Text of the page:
Downtown Calgary shut down by flood: State of emergency declared

People in parts of Southern Alberta, including Calgary, watched helplessly Friday as flood waters rushed in and swamped roads and bridges and turned main streets into roaring rivers.
Images on social media showed Calgary’s Prince’s Island Park submerged underwater, as well as many bridges, including the 10th Street Bridge.
Major downtown streets such as Memorial looked like shots of Venice’s canals, while Cowtown’s hallowed Stampede Grounds – home to the city’s famous rodeo – was awash.
A Calgary Sun reporter Tweeted that water had reached the 13th tier of seats inside the Scotiabank Saddledome.
More rain on the way
Already deluged with 30 to 50 mm of heavy rain since Thursday, the provincial government was forecasting another 20 mm for the hard-hit region.
The heavy rain combined with snow melt triggered the flash floods on the Bow and Elbow Rivers which run through Calgary, as well as to the Red Deer, Sheep, Highwood and Oldman Rivers.
The provincial government called the increases in water levels “massive,” and said even though rivers west of Calgary had appeared to have peaked, “flooding danger and risks to personal safety remain extreme.”
Calgary has declared a state of emergency and the Canadian army is responding with troops to aid with disaster relief in the Southern Alberta city, which ordered the evacuation of some 30 neighborhoods holding about 75,000 people.
The army is expected to provide helicopters, engineering equipment and logistical support to help with further evacuations in Southern Alberta and aid in the impacted areas.

Image taken from Google's Alberta flooding map – June 21, 2013, 10 PM EST page
Every major downtown Calgary building shut down
The Calgary Building Owners and Manager’s Association (BOMA) advised that nearly every major building in the city was shut down as of Friday.
The list read like a property owner’s who’s who in Calgary and included the Devon Tower, the Shell Tower, the Banker’s Hall complex, the Stock Exchange Tower, Gulf Canada Square and many more.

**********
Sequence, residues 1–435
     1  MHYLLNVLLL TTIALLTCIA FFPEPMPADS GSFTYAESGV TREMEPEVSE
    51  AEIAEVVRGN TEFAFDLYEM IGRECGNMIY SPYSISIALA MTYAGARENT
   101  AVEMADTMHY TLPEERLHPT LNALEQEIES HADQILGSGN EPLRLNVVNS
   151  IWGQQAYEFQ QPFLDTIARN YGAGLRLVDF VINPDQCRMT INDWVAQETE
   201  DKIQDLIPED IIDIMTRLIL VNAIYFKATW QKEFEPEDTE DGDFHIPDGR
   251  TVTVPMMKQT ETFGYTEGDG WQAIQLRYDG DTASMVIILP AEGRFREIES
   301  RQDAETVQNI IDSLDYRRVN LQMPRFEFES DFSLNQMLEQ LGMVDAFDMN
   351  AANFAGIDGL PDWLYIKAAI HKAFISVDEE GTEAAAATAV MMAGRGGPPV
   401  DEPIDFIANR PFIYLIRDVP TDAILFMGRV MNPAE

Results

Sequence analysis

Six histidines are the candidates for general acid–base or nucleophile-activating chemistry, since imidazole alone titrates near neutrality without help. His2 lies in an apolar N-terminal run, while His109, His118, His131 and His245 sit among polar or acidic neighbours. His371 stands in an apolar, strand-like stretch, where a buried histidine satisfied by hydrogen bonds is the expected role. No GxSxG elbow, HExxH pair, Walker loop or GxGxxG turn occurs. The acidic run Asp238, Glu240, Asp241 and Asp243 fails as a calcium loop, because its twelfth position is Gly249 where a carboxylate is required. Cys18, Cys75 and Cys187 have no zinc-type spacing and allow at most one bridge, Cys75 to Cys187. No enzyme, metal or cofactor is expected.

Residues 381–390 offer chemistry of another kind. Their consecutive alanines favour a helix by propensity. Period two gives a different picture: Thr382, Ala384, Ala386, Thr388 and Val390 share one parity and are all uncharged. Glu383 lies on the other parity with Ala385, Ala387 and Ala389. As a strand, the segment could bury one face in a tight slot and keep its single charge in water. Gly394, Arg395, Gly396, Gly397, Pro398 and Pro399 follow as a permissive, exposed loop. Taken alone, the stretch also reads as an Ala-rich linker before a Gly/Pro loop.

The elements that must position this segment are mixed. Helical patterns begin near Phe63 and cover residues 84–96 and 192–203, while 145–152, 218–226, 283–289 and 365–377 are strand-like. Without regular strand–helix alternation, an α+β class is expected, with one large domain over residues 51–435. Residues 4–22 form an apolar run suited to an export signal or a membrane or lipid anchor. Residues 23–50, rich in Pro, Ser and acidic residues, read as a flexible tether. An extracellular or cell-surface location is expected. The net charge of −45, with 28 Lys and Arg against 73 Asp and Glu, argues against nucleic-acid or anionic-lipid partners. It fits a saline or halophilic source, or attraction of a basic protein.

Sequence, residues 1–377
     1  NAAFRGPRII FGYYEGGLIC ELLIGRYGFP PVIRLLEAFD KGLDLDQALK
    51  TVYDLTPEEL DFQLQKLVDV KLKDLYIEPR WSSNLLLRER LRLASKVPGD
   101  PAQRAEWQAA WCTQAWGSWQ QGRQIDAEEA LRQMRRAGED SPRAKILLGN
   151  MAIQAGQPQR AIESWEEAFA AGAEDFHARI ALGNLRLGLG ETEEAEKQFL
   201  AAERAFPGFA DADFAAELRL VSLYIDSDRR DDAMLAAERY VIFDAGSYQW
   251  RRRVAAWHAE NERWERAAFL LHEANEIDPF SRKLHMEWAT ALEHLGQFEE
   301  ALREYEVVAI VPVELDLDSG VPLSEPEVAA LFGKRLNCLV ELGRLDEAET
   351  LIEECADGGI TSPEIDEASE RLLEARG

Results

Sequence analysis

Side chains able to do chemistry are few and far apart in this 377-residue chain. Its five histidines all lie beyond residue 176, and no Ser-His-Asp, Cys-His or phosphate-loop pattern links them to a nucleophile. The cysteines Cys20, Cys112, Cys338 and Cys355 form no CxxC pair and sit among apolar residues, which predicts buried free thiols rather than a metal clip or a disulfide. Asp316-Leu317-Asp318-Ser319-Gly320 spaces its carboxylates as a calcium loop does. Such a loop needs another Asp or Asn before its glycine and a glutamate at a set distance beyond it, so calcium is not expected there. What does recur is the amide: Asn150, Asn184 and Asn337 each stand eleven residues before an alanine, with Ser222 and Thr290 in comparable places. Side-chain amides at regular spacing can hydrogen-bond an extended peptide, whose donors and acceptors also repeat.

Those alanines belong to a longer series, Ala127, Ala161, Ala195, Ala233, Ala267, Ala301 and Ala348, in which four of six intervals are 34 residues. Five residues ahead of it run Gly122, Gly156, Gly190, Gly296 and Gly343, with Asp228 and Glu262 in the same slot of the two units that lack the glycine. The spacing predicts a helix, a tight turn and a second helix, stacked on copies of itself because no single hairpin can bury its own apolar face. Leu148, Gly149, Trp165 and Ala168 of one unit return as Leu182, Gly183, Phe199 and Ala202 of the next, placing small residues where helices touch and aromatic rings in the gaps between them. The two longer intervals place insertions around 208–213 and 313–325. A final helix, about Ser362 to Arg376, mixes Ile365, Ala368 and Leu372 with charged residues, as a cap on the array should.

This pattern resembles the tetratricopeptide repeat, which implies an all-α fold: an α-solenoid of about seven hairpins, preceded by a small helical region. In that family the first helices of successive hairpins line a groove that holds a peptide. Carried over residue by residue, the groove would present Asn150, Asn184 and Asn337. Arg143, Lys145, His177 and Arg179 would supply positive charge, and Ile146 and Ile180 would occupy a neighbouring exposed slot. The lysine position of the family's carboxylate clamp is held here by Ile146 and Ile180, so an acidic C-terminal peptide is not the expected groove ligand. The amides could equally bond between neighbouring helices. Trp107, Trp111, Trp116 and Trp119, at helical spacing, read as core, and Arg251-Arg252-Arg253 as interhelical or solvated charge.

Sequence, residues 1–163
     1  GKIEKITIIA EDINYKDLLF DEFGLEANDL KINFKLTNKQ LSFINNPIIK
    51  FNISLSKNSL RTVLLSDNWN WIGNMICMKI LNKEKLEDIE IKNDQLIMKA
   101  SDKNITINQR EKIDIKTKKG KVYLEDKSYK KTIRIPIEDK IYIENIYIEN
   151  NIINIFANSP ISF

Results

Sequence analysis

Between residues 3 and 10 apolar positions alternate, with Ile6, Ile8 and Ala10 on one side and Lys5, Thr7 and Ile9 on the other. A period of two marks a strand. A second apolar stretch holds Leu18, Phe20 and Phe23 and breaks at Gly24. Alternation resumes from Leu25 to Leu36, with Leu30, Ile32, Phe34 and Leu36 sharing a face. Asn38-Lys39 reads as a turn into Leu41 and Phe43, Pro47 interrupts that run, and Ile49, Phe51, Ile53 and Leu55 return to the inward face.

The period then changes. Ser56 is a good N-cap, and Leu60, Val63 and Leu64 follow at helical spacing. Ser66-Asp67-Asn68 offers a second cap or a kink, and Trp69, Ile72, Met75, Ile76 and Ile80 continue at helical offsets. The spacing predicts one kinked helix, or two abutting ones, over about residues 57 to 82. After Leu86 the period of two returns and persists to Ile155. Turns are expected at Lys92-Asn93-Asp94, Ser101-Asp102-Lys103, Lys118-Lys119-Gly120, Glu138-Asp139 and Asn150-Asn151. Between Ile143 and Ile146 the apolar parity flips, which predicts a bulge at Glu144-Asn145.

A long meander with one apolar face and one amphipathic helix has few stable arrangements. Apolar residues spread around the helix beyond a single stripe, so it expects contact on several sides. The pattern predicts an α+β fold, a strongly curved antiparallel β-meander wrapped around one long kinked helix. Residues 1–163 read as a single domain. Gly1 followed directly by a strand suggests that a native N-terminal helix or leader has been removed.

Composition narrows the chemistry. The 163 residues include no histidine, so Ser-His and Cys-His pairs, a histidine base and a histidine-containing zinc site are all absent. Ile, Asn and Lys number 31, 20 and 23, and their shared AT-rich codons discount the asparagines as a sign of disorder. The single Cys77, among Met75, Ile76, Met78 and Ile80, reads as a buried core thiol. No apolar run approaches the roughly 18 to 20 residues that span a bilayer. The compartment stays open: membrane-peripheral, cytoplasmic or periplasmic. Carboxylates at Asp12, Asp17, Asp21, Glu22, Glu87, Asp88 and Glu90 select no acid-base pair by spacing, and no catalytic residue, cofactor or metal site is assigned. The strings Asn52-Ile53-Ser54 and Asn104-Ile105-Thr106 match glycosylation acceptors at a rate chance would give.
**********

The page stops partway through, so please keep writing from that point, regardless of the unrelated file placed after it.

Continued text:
Calgary contains approximately 45 million sq. ft. of commercial property in the downtown core.
It looked as if the insurance claims to commercial property following the floods could reach well into the millions of dollars as the flood waters appeared to be overwhelming the bottom floors of many commercial buildings in the city core.
Peter Machardy, BOMA Canada’s chair in Calgary, described the scene in Calgary as one of “devastation.”
Even so, Machardy downplayed the damage to the larger commercial centres. He said the buildings overall had done extremely well. He noted, though, that the multi-residential and condominiums were being hard hit with “significant flooding.”
Cadillac Fairview develop site flooded
Machardy also reported that the Cadillac Fairview site of its 1.6 million sq ft. office tower and multi-use development, Calgary City Centre, was flooded with water.
“Virtually everywhere you look, you’re seeing water in different parts of the city,” Machardy said.
Along with residential and condos, Machardy said retail might be hard-hit, noting that the city’s Eau Claire area was underwater.
Benjamin Shinewald, BOMA Canada’s president and CEO, said: “There’s a real sense of both challenge or worry on the one hand, and community and solidarity on the other. These kinds of situations often bring that kind of thing out in people.”
Shinewald said BOMA Calgary has been active in assisting their members during crisis. “When the water recedes, we’ll have a better sense of what’s going on.”
Generally, infrastructure didn’t seem to be weathering the storm well. A collapse of a section of Highway 1 near Banff shut down the highway, while a leak in a sour gas pipeline near Turner Valley prompted evacuation of a number of nearby residences.
A number of provincial agencies were also watching the storm’s impact on drinking and wastewater, as well as oil and gas operations.
New York invests in protection from extreme weather
Earlier this month, in the wake of Superstorm Sandy, New York City released a plan that calls for $20 billion worth of protection for the East Coast metropolis, designed to fortify it against increasingly common extreme climate change events.
The report noted that in the 20 years leading up to Hurricane Sandy, the city experienced nine coastal storms and six heat waves. “These events have caused hundreds of deaths and billions of dollars of damage to buildings, infrastructure and the city’s economy,” the report noted.
The Building Resiliency Task Force identifies 33 measures that can be taken to bolster the city’s defence against natural climate events, including relocating mechanical equipment to higher floors or waterproofing them to protect against flooding; and designing sidewalks to capture stormwater during flash floods to help prevent localized flooding.
Shinewald believes the flooding won’t put a damper on the Western city’s current building boom, which he described as one of the most active in North America.
“That is an entrepreneurial place and that community will recover from this and precede forward with vigour and energy and bounce. No doubt there will be some lessons learned from this event, but this will not slow Calgary down.”







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